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Author Topic: what is sidereal time?  (Read 2946 times)

Offline annie123

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what is sidereal time?
« on: 15/05/2015 22:31:43 »
I was talking to my brother in England on Skype and he asked me if I knew what sidereal time was- he'd looked it up somewhere and didn't understand the explanation. I recommended this site so he may post but i doubt it  so I'm asking of anyone can explain it in 25 words or less in a way that he could understand.I tried but he wants it from an authority I think which I am not.Who takes any notice of a sister?


 

Offline alancalverd

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Re: what is sidereal time?
« Reply #1 on: 15/05/2015 22:50:31 »
Siderial time is time based on the rotation of the earth with respect to the distant stars. As the earth rotates, the sun appears in the same position every 24 hours (by definition of 24 hours!) but because the earth is in orbit around the sun, the distant stars appear about 4 minutes earlier each day, so astronomers use a siderial clock to keep their telescopes pointing at any particular part of the sky.

It's disturbing to go into an old observatory and hear two clocks ticking at very slightly different rates, one driving the telescopes and the other stamping the "legal" time of day on your observations. 
 

Offline David Cooper

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Re: what is sidereal time?
« Reply #2 on: 16/05/2015 19:28:33 »
This is one of those cases where education misleads people, leading them to think that the Earth rotates once every 24 hours, but it's moving round the sun and it has actually completed each rotation in only 23 hours 56 minutes before having to go on round for another four minutes for the same point on its surface to point back at the sun. (Four minutes is 1/360 of a day, so it builds up to a complete rotation over a year.)

If you look in a star atlas you may find the sky divided up into zones based on 24 hours, and these represent siderial time - this grid is fixed in place against the star positions and doesn't move over time. The 0h line passes through the Square of Pegasus. The 12h line passes through the pan part of the plough, if you can bear that mixed description.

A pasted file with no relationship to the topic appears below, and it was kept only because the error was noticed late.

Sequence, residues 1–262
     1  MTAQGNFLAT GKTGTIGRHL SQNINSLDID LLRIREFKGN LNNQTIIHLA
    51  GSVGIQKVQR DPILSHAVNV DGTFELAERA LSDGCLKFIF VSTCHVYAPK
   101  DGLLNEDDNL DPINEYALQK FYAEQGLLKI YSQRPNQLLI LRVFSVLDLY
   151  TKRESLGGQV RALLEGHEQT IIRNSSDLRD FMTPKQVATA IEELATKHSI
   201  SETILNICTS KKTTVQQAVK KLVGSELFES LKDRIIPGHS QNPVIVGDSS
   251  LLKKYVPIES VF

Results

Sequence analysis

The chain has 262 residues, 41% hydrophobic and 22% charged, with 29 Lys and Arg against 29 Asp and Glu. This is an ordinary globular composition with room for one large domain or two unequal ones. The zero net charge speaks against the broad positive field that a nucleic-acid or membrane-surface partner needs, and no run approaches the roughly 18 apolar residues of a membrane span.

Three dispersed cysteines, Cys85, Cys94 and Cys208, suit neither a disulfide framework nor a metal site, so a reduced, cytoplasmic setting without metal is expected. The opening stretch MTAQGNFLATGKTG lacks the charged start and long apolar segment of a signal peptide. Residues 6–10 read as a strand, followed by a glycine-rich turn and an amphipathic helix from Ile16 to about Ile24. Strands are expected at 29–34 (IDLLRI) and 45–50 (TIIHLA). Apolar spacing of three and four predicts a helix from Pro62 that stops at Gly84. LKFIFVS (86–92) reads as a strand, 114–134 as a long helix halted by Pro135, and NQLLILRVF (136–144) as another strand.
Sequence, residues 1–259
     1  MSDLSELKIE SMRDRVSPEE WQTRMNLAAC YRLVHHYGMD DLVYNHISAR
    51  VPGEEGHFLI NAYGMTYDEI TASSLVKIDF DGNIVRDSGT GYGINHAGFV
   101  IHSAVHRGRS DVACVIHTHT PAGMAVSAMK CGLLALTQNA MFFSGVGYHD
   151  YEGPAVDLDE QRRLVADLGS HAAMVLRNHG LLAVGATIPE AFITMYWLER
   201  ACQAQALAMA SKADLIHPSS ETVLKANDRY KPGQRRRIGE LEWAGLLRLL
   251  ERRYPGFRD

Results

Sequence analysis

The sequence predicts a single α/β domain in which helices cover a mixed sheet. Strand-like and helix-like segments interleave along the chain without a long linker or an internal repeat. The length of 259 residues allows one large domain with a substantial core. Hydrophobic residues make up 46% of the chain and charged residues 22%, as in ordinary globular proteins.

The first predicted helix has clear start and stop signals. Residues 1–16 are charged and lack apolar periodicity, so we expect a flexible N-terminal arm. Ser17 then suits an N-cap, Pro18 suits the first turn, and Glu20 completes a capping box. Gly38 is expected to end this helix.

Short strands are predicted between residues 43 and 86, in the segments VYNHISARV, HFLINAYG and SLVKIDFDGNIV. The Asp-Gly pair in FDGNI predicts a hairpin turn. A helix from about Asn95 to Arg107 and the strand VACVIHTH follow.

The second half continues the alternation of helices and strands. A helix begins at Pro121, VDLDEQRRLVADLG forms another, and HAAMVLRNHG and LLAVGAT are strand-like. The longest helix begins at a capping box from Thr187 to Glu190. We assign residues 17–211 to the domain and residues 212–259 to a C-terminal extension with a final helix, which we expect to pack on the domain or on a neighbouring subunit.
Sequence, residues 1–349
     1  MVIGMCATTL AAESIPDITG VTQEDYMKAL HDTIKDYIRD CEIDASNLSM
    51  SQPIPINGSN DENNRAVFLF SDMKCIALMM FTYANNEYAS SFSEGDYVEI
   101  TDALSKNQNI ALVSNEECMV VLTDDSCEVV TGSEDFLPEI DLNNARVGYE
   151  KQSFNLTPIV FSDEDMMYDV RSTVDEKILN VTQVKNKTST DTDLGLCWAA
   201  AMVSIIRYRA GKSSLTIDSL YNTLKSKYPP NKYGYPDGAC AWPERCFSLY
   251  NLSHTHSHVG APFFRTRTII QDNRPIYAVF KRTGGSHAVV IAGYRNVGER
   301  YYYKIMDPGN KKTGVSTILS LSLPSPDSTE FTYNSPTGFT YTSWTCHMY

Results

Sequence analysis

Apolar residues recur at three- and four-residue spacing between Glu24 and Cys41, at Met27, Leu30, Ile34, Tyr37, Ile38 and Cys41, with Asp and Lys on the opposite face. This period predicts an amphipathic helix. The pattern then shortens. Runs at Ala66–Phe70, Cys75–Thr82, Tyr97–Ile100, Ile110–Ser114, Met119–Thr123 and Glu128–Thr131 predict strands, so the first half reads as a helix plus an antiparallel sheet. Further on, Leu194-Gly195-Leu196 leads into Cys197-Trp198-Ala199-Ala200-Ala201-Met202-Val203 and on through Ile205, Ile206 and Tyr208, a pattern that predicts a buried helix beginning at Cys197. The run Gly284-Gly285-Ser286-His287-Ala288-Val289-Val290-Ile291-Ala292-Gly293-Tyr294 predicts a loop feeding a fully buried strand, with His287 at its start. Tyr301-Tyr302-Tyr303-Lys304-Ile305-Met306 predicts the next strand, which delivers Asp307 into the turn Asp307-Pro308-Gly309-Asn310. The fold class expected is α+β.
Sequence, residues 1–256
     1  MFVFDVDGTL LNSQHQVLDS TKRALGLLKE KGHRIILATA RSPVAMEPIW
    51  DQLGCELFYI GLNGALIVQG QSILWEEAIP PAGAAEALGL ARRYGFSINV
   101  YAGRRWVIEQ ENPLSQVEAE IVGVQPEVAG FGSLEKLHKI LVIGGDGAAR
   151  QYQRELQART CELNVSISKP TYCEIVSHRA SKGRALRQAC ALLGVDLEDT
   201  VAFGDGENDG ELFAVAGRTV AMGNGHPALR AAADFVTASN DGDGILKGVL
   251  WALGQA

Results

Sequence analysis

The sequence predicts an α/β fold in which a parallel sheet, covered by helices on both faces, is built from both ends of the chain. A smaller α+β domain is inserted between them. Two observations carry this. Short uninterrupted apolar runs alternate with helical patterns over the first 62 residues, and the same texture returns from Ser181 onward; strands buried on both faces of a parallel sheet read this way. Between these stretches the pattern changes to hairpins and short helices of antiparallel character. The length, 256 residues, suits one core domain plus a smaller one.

Offline Pecos_Bill

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Re: what is sidereal time?
« Reply #3 on: 19/05/2015 01:05:46 »
It is all a mathematical abstraction anyway.
The heavens that we see are all views of something that happened long ago.

I heard Dr. Helen Czersky(spelling?) talking on BBC inside science about this. Did you know the image that you see in a mirror isn't "now" but from microseconds ago?

What then is "now" in either sidereal or Pacific Daylight Savings time?
 

Offline PmbPhy

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Re: what is sidereal time?
« Reply #4 on: 19/05/2015 05:56:00 »
Quote from: Pecos_Bill
It is all a mathematical abstraction anyway.
There's no truth in that. To be clear on this please state precisely what you mean by the phrase "mathematical abstraction" anyway. You're not even using the term in a meaningful way.

Quote from: Pecos_Bill
The heavens that we see are all views of something that happened long ago.
So what? It's hardly relevant to the subject at hand. One isn't even interested in the star being observed. All that's useful about the star is the path that the light rays take as they pass through the solar system. It gives a reference to parallel lines which are useful when determining when a full revolution on a planet has taken place.

Quote from: Pecos_Bill
I heard Dr. Helen Czersky(spelling?) talking on BBC inside science about this. Did you know the image that you see in a mirror isn't "now" but from microseconds ago?
Of course. Everyone who knows anything about light and/or the physics of optics knows this trivial fact.

Quote from: Pecos_Bill
What then is "now" in either sidereal or Pacific Daylight Savings time?
You don't know what the term "now" means? Or you don't know how daylight savings time works?
 

Offline evan_au

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Re: what is sidereal time?
« Reply #5 on: 19/05/2015 12:00:21 »
Quote from: Pecos_Bill
What then is "now" in either sidereal or Pacific Daylight Savings time?
This website will calculate the local sidereal time, if you enter in your location (city, longitude or current local time):
http://www.jgiesen.de/astro/astroJS/siderealClock/

In conversion from (say) Pacific to Central time, you just add or subtract a fixed number of hours.
However, the conversion from Pacific to Sidereal time changes every day (by 4 minutes).
 

Offline David Cooper

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Re: what is sidereal time?
« Reply #6 on: 19/05/2015 17:10:28 »
It is all a mathematical abstraction anyway.
The heavens that we see are all views of something that happened long ago.

Most of the stars we can see are close enough that they'd look the same and be in practially the same locations even if it took zero time for their light to reach us.

Quote
I heard Dr. Helen Czersky(spelling?) talking on BBC inside science about this. Did you know the image that you see in a mirror isn't "now" but from microseconds ago?

You've just undermined your previous point, because everything you see is a view of things that happened long ago.
 

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Re: what is sidereal time?
« Reply #6 on: 19/05/2015 17:10:28 »

 

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